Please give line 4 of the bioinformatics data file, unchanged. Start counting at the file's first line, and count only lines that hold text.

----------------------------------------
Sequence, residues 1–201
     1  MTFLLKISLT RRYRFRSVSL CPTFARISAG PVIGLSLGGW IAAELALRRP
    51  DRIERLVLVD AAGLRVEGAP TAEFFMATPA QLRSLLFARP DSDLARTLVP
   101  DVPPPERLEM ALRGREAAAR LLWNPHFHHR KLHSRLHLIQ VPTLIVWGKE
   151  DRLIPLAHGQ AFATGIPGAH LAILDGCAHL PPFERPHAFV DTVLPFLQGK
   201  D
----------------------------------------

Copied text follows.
   101  DVPPPERLEM ALRGREAAAR LLWNPHFHHR KLHSRLHLIQ VPTLIVWGKE